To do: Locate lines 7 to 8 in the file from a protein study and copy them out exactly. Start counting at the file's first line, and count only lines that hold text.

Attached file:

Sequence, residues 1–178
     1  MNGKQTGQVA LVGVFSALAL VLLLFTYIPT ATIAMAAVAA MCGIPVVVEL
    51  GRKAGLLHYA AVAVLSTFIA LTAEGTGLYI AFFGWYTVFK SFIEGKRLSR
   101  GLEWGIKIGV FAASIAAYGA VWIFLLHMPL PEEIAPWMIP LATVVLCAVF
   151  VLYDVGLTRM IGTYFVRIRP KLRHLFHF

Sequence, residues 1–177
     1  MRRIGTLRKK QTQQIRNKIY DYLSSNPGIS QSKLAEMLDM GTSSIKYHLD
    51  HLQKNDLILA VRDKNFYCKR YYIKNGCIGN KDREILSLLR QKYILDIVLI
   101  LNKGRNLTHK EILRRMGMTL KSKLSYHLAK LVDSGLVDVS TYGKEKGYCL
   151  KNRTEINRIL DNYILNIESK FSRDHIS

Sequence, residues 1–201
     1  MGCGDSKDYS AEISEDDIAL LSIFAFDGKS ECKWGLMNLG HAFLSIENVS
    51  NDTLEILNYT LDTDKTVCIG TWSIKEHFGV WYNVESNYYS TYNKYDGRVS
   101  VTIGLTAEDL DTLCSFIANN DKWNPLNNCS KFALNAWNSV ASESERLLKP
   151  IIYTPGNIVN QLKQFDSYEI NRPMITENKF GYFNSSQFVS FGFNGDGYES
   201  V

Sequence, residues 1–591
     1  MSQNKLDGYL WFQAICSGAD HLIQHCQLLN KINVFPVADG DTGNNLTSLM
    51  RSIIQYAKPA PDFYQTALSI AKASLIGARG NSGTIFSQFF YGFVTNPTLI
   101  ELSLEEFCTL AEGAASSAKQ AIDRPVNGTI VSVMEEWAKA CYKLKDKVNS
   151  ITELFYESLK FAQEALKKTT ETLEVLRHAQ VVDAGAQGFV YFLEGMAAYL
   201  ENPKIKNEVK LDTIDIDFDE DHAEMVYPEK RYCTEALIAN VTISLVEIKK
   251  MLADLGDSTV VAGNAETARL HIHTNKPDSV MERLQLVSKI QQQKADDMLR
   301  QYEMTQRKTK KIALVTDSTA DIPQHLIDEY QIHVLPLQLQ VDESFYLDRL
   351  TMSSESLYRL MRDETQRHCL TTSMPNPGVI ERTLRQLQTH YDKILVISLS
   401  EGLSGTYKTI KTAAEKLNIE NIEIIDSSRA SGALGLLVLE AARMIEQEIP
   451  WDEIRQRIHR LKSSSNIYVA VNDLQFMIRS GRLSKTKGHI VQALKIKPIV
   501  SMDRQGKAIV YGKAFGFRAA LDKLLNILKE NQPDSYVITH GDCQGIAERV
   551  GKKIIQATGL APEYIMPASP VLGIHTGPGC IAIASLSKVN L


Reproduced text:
     1  MRRIGTLRKK QTQQIRNKIY DYLSSNPGIS QSKLAEMLDM GTSSIKYHLD
    51  HLQKNDLILA VRDKNFYCKR YYIKNGCIGN KDREILSLLR QKYILDIVLI